HILLESUM, WHO aspired to be a writer, was so attuned to currents both within and without that she often suffered from overwhelmed senses; she describes feeling like a "soul without a skin." It is this receptivity that makes her observations so original and compelling. This territory, of Holocaust documentary, has been visited before but never with a view as capacious as the one from Hillesum's soul.

What makes her story so unusual is that Hillesum's passion, even in the lengthening shadows of Hitler's genocide, was for self-scrutiny. She possessed a lucid, unfettered mind, capable of imaginative leaps of intellect. Her diary is a chronicle of an intellectual and spiritual development that in normal times might take a leisurely lifetime but out of necessity was fitted into the brief interstice of two years.

The first page of her diary contains the sentence "I am accomplished in bed." The last entry, roughly two years later, reads simply, "We should be willing to act as a balm for all wounds." Between these two statements, the first boastful, the last wise, lies a profound internal transformation in which the volatile, self-absorbed girl leaves behind her Bohemian sensibilities and evolves into the compassionate, profoundly ethical individual one meets later in the Westerbork letters.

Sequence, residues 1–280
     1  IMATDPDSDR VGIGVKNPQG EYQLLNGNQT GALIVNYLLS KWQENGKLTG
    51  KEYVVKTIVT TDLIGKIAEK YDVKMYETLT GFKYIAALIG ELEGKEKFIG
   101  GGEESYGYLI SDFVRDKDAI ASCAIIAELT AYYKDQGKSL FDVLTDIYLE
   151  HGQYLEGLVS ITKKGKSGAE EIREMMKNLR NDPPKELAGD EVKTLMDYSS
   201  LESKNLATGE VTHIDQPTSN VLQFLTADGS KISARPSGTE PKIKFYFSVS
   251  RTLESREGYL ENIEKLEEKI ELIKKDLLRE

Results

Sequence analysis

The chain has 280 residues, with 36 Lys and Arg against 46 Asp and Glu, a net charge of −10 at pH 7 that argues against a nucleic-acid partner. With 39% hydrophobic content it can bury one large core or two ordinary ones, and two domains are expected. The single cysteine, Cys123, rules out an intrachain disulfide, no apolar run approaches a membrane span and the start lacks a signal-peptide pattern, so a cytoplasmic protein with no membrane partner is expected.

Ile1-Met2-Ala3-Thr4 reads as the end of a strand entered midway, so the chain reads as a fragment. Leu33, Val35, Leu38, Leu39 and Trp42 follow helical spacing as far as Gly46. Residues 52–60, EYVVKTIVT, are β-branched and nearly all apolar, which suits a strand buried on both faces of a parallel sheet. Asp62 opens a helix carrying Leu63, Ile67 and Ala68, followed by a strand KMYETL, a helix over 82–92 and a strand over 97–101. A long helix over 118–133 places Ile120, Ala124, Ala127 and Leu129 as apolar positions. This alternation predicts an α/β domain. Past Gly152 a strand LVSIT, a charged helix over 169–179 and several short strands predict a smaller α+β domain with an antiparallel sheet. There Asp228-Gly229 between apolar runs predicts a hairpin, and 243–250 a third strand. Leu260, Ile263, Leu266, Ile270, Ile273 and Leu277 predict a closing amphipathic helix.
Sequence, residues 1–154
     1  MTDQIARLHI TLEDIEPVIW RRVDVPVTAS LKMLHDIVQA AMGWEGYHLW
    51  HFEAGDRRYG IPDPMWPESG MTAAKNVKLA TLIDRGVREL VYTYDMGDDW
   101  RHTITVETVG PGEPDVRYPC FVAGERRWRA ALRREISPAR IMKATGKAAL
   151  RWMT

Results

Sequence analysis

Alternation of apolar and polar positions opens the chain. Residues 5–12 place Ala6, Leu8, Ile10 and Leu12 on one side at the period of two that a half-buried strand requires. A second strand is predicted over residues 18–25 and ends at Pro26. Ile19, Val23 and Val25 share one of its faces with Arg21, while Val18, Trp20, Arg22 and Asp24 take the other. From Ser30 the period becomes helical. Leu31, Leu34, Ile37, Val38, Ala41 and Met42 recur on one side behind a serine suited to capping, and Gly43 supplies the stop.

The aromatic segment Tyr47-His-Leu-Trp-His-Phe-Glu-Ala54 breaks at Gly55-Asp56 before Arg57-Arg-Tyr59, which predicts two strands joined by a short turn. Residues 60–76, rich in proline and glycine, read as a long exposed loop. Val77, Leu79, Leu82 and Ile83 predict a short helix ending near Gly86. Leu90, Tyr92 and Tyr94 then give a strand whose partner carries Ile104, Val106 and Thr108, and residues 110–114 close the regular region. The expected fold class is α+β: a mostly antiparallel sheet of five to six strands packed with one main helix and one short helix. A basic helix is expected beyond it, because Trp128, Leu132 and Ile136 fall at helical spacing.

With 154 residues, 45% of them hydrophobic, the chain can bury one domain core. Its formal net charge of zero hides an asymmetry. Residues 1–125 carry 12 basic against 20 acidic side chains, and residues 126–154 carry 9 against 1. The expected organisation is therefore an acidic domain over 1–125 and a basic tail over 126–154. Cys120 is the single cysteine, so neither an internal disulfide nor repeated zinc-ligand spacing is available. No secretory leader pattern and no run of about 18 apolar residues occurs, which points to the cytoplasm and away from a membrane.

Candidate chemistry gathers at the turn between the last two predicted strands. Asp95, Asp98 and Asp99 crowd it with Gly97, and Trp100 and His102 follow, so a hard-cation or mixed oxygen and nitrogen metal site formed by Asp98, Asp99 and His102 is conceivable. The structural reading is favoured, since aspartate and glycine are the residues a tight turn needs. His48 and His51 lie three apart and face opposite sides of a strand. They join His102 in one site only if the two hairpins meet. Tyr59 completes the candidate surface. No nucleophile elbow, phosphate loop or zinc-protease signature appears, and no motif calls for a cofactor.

In the diary's first half, Hillesum reveals herself as ardent and impulsive, given to idealistic whimsy but capable of flashes of pure brilliance. Central to her life during the diary years was the intense relationship she had with Julius Spier, a psychotherapist who had studied with Carl Jung and founded an analytic process called "psychochirology," the reading of palm prints.

He also engaged in an unorthodox method of therapy that began with a wrestling match between doctor and patient. To tame the mind, he believed that one must first conquer the impulses of the body. Today, his methods would raise a few eyebrows, but Spier seems to have been an undeniably charismatic and intuitive man, and Hillesum, who was always one to struggle for self-mastery, was intrigued by him.

Spier became Etty's friend, spiritual mentor and ultimately her lover. She suffered storms of conflict over her feelings for him. She was captivated by the "confounded eroticism" both possessed, yet she yearned for a completely spiritual union free of physical longing. The relationship was certainly the most influential of her life, for it was through Spier's encouragement that she began to reach into the depths of her being and begin the interior conversation that became a dialogue with God.